Friday Facts: March 20, 2015

It’s Friday!


March 26: Foundation President Kelly McCutchen is a panelist at an Atlanta discussion on criminal justice reform in Georgia, hosted by the Charles Koch Institute. Find out more about, “From State in Crisis to Reform Leader: How Georgia’s Approach to Criminal Justice Is Impacting Well-Being,” at

Watch this space: The keynote speaker at the Foundation’s next event is Secretary of State Brian Kemp. Topic: “License to Work,” a focus on jobs, licensing and the role of government.

Quotes of Note

“Our major obligation is not to mistake slogans for solutions.” – Edward R. Murrow

The advancement and diffusion of knowledge is the only guardian of true liberty.” – James Madison

Legislative update

In brief: Freedom appears to be winning the battle over regulation so far in the Georgia Legislature. Compromise bills to regulate innovative new distribution models are alive, with some (Tesla and Uber/Lyft) better than others (beer). Freedom in education, unfortunately, struck out. An Education Savings Account bill passed in committee, but was never brought up for a vote in the House; no votes were held to increase the cap on the oversubscribed tuition tax credit program, and several charter school bills failed. Transportation funding is still being debated, but hopes of any tax reform this year were once again dashed.

Taxes and spending

By the numbers: In an apples-to-apples comparison of spending (state and local spending as a percentage of personal income), this is how Georgia ranks nationally in three key areas:
Elementary and secondary education: ninth highest
Hospitals: 14th highest
Highways: 46th highest.
Source: Census Bureau


Internship opportunities: Do you know of college students seeking internships? Send them to the Foundation’s Student Outreach Scholarship page on Facebook!

Kudos: Dr. Leslie Marlow, director of the Berry College Center for Economic Education, is the winner of the prestigious Leavey Award for Excellence in Private Enterprise Education for her lessons on, “Using Biographies of Great Americans to Teach Economics.” It’s the fifth time the award goes to a Georgia institution and the second time it goes to Berry College!

Forced removals: The high-performing Magnolia Science Academy, a STEM-based charter school in Santa Clara, Calif., is being forced to close to make way for a renovated traditional school, even though 91 percent of students met or exceeded proficiency on science state assessments, far surpassing the 60 percent state average. A similarly high 80 percent scored proficient in English. The school district is refusing to give Magnolia, the only public charter middle and high school in the district, time to find a new campus for its nearly 500 students.

Benita Dodd photographed this mural, which honors Georgia's citizen soldiers, while visiting the James “Sloppy” Floyd Veterans Memorial Building this week.
Benita Dodd photographed this mural, which honors Georgia’s citizen soldiers, while visiting the James “Sloppy” Floyd Veterans Memorial Building this week.


Georgia solutions: Don’t have enough time to read the Foundation’s plan for transportation improvements? Watch the three-minute video summary here.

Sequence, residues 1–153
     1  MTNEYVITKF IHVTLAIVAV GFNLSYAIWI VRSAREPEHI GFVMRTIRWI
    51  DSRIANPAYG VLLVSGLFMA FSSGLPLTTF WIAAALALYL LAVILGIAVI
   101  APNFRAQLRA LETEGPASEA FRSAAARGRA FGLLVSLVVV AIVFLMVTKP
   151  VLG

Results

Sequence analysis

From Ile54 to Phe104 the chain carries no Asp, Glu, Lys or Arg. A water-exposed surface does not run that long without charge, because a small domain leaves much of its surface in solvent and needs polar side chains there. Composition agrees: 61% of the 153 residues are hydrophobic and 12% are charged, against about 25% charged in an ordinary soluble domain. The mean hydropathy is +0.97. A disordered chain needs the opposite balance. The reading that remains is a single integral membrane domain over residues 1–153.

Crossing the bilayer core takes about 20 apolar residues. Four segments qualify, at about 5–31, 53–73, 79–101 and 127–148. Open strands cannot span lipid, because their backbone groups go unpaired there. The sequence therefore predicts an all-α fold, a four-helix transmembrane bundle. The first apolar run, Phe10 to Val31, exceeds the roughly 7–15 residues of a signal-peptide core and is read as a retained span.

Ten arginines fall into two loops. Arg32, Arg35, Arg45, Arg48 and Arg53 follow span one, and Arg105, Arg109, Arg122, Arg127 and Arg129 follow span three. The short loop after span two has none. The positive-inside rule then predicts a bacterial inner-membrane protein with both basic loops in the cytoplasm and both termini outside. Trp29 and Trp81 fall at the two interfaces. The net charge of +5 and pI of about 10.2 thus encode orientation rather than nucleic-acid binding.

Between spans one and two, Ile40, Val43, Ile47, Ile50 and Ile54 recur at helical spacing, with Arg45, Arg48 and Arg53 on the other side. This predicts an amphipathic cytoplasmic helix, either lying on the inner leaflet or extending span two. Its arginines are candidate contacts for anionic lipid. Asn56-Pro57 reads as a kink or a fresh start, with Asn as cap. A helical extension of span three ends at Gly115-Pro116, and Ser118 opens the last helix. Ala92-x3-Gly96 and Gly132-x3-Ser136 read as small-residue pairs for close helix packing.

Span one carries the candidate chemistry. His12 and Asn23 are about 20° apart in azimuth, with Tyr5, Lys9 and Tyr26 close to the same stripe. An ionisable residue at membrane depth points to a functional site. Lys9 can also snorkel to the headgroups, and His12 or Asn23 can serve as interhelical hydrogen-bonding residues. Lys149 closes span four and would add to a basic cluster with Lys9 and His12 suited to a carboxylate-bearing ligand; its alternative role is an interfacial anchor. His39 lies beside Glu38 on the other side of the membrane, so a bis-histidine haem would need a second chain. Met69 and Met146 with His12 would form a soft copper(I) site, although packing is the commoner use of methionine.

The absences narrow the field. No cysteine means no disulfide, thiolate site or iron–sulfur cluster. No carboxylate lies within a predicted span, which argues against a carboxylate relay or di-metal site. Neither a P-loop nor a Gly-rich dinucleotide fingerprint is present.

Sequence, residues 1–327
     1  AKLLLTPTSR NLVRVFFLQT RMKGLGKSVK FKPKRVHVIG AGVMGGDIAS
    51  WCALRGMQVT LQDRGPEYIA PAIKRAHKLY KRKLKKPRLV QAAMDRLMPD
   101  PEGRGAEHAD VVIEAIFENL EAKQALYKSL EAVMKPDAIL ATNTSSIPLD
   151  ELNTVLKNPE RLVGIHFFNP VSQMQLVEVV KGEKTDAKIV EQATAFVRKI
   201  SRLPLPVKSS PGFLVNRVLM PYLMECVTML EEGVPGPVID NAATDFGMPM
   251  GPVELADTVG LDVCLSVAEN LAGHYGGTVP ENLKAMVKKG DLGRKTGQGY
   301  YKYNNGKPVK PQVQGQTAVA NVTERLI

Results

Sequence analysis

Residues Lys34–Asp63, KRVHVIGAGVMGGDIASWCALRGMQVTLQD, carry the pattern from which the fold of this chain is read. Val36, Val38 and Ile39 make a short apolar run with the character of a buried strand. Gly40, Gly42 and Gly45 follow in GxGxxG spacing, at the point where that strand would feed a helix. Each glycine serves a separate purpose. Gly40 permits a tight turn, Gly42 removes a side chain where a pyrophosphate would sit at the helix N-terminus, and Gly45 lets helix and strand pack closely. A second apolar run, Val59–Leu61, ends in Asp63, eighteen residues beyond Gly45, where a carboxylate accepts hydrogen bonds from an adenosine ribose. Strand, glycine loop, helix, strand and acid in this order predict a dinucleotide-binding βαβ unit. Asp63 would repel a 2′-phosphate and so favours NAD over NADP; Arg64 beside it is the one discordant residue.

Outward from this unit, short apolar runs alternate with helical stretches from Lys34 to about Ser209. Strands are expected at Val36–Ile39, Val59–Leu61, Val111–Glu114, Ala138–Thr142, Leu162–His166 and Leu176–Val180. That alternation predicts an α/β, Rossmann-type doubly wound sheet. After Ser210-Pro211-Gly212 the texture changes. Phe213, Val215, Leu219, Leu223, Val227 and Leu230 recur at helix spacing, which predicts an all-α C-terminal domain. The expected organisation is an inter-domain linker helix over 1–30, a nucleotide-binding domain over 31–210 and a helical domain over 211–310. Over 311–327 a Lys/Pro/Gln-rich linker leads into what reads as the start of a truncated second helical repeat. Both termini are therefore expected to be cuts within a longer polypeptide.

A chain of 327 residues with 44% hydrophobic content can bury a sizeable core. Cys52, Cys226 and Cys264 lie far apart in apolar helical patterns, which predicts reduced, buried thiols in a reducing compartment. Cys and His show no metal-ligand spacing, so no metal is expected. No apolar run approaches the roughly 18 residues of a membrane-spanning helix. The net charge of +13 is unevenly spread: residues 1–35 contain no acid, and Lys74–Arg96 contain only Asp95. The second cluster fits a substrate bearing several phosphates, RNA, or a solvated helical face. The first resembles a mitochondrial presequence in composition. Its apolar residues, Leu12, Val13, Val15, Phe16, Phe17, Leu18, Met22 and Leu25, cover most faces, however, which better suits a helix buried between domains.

Ridership: Transit ridership grew 24 percent from 1980 to 2012, but it required a 170 percent increase in spending. Since the growth in ridership failed to even keep up with urban population growth, per capita ridership fell by 18 percent. Source: American Public Transportation Association

Mythbusting: Virginia’s Department of Transportation has published an infographic based on one year of commuters using the Elizabeth River Tunnels toll road in Hampton Roads. It reveals that drivers overestimate what they pay in tolls and underestimate the use and benefits of the toll tunnel.  

Friday Flashback

This month in the archives: In March 2005, the Foundation published, Where has All the Water Gone – Or Has it?” Senior Fellow Harold Brown noted an interesting fact: “According to Atlanta’s Clean Water Initiative, natural ground cover evaporates 40 percent of total rainfall; urban development, just 5 percent.”


YouTube: If you missed Wednesday’s event with Attorney General Sam Olens on federalism, the rule of law and regulatory excess, you can watch or share it here on the Foundation’s YouTube channel.

The Forum: In Benita Dodd’s latest, “Checking Up On Health,” find out about inoculations, vaccinations and immunizations; telemedicine; health care fraud; ObamaCare’s extended deadlines and dementia.

Foundation in the news: Benita Dodd was quoted on transportation funding in the Atlanta Business Chronicle and interviewed for the Heartland Institute’s Daily Podcast about her commentary on solar energy funding. The commentary was also published by Master Resource and cited in an article by Foundation member Dr. James Rust, a Heartland Institute Senior Fellow. The Foundation’s Fiscal Analysis was published by

Social media: Please “like” us (Facebook), join us ( and share us (Friday Facts)!

Visit to read our latest commentary, “Will Georgia Legislators Trust Citizens Who Elected Them?” by Jeffrey Dorfman.

Have a great weekend! 

Kelly McCutchen and Benita Dodd  

FRIDAY FACTS is made possible by the generosity of the Georgia Public Policy Foundation’s donors. If you enjoy the FRIDAY FACTS, please consider making a tax-deductible contribution to help advance our important mission by clicking here. Visit our Web site at Join The Forum at Become a fan of the Foundation on Facebook and follow us on Twitter at

« Previous Next »